It is also taking longer for the fish to mature, from four months in the past to six months currently, raising the cost of growing them, he said.
The costs of fish food and medicine have also increased. He often has to move fish cages and harvest immature fish when they are not big enough, to make way for the dredging and river improvement activities. Mr. Muoi Diep said the activities are mostly for sand mining.
8. Fish are disappearing fastest in the Mekong Delta
An Giang province, Muoi Diep’s homeland, has also seen the largest decrease in the quantity of fish caught in VMD compared to 15 years ago. In 2019, fish catch in An Giang was only 28%—less than a third—of its catch in 2004.
An Giang is not the only province experiencing a decrease in fish catch. Out of the five landlocked provinces and city in VMD, only Dong Thap has seen an increase in fish catch since 2004. The remaining four, Can Tho, Vinh Long, Hau Giang and An Giang, all caught less freshwater fish than before.
9. Vietnam’s rice bowl is shrinking
The Mekong Delta is still the rice bowl of the country, contributing over half of the nation’s total output. In 2020, 13 provinces in VMD produced 55.7% of the country’s rice. However, like inland fishery caught, rice production in the Delta has been on the decline since 2016.
10. Rice decline is driven by the absence of flood waters
In general, the area of land growing rice in VMD is on a downward trend, especially for the winter paddy. Also known as floating rice, this crop is VMD’s specialty.
Floating rice plants take nutrients from alluvium in flood water to grow, often requiring little fertilizer. While they are nature’s gift for VMD, their cultivation tends to gradually reduce the cultivated area if there are fewer floods.
11. A shift away from rice reflects a new reality
The area and production of rice decreased gradually from 2016, coinciding with the implementation of Resolution 120 on sustainable development in the Mekong Delta in response to climate change.
According to this resolution issued in 2017, inefficient rice growing areas are converted to growing drought- and salinity-tolerant fruits and vegetables.
12. When fresh water disappears, salt water rushes in
Saltwater intrusion due to sea level rise also shrinks land suitable for rice paddies. According to a study on salinity in VMD by Edward Park and associates, published in June 2021 on Ambio, a journal of the Royal Swedish Academy of Sciences, during the 2019-2020 dry season, seawater penetrated 110 km inland, 10km deeper than the historical average.
Not only that, it was detected about 2.5 to 3.5 months earlier, and withdrew a month later than average.
13. Seawater intrusion causes widespread water shortages
During the 2019-2020 dry season, saline intrusion caused shortage of fresh water to more than 40,000 households living along the coast in VMD.
14. Salt poisons water for farming rice, vegetables and fruit
High salinity intrusion caused salt contamination, rendering unsuitable for farming 30,000 ha of land for rice in Ca Mau, and 20,000 ha of land for fruit and 6,500 ha for vegetables in Ben Tre.
Rice can grow in land with 3-4 grams per litre (g/l) of salinity. However, some areas recorded salinity above 7g/l (orange areas on the map), 15-20g/l (red), 20-27g/l (purple), or up above 27g/l (blue), nearly 9 times higher than the threshold of common rice.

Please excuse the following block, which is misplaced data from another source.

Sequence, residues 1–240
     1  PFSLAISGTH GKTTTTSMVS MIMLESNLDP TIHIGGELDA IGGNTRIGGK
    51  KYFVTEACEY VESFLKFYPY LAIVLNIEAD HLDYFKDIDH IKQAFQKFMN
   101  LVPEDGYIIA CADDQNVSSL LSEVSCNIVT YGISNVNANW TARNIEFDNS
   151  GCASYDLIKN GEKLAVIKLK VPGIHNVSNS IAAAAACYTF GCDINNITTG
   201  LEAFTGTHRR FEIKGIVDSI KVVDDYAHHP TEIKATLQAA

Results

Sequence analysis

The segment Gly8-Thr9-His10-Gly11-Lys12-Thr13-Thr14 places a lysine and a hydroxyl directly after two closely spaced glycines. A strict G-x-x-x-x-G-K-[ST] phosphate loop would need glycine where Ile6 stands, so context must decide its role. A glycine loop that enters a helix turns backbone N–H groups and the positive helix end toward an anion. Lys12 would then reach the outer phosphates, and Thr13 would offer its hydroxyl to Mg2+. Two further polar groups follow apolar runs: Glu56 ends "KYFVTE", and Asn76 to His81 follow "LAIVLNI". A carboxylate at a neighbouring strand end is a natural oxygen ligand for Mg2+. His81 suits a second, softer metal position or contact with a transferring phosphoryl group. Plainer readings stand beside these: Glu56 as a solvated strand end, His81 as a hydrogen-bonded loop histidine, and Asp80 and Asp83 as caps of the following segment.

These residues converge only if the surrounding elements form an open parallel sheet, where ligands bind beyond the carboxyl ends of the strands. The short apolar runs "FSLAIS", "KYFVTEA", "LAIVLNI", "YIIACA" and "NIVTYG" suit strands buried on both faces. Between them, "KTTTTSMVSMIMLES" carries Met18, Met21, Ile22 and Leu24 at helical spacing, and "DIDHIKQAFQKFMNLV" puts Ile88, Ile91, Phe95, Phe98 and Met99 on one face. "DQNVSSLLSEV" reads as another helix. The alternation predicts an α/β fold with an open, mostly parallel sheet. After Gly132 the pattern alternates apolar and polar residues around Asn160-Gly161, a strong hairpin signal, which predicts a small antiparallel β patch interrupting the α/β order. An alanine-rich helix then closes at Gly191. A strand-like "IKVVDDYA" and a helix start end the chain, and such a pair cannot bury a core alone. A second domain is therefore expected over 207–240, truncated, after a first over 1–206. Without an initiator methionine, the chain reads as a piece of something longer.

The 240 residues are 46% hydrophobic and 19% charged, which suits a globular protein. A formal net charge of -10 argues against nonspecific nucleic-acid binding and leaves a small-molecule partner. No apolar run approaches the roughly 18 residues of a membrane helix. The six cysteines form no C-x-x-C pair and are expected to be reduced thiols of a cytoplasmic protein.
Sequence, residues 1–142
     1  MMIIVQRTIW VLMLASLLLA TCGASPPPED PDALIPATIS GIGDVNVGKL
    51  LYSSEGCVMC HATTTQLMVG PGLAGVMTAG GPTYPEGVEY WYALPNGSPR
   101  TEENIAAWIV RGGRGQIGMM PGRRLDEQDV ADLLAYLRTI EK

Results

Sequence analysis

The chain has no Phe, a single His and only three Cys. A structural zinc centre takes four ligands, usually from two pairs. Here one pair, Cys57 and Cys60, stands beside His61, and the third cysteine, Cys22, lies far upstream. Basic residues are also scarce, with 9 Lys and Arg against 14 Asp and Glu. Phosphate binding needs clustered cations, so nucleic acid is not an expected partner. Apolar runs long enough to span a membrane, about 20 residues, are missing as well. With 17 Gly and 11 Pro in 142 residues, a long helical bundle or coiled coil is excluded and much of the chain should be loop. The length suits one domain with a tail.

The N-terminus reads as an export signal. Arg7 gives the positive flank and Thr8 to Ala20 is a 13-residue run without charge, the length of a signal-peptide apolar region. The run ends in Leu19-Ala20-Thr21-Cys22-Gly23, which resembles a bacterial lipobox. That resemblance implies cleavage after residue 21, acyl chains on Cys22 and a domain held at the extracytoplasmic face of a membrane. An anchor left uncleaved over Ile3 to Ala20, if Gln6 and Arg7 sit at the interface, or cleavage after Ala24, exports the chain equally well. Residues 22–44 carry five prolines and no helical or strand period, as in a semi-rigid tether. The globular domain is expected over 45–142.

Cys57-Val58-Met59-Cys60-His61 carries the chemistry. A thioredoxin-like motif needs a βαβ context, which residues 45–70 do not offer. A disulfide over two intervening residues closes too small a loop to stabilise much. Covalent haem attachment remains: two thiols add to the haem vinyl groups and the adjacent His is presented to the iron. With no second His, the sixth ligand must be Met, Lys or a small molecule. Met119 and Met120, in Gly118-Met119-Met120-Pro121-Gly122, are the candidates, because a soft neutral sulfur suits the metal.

15. Many people in VMD had already shifted away from life on the water, then came back to it when the pandemic struck
In October 2021, Danh Thi My Thanh, 26, returned to her 36-year-old husband’s home town of Ngai Tu commune, Tam Binh district, Vinh Long province with their three sons aged eight, four and two after factories in Binh Duong province, where they have been working for seven years, closed due to COVID-19.
In Vinh Long, women like Mrs. Thanh often go to pick fruit for garden owners. Thanh’s husband often works in construction projects. Income is about 200,000-250,000 VND (8-10 USD) per person per day.
During the days when she does not have a job, Mrs. Thanh stays at home to help her husband’s mother make rugs from dried water hyacinth yarn. She makes at most four rugs per day, which are sold for 70,000 VND (2.8 USD) each.
She is waiting for the COVID-19 pandemic to pass and the factory to reopen so she can return to work in Binh Duong. Mrs. Thanh said her family migrated because jobs were scarce and lower-paid in her hometown.
16. Generations of people in VMD pushed out of the countryside and into urban areas or even out of the country entirely.
In general, the number of people leaving VMD is more than the number of people moving there. The net migration rate (immigration minus out-migration ratio) of VMD has been negative since 2005.
During 2010-2020, the Mekong Delta’s population remained at over 17 million people but with a slow but steady decline as new babies being born fail to compensate for deaths and people leaving.
In 2020, for every 100 people, one person was lost, likely to migration. The provinces with the largest population decline in 2020 were Hau Giang with the highest loss, followed by Tra Vinh, Soc Trang , An Giang and Ca Mau.
According to a 2011 study, seven out of 10 people leaving VMD went to the Southeast region, mainly to Ho Chi Minh City and Binh Duong, where many industrial zones are located.
17. People from the delta are poorer than in the rest of the country
In 2020, the average Vietnamese person earned 10% more than people living in VMD. Workers in Binh Duong, Ho Chi Minh City and Hanoi earn 82%, 69% and 60% more, respectively, than those in VMD.
Even within VMD, income disparities exist between provinces and sectors. In 2020, residents of Can Tho had the highest income, with an average of 5,031,090 VND/month, while those in Ca Mau had the lowest, 3,034,400 VND/month.
In 2020, in VMD, agriculture, forestry and fishery sectors contribute only one-fifth to the monthly per capita income.
18. People from the Delta struggle for jobs
Unemployment and underemployment rates are very high. From 2010 to 2020, VMD has had both the highest unemployment and underemployment rates in Vietnam.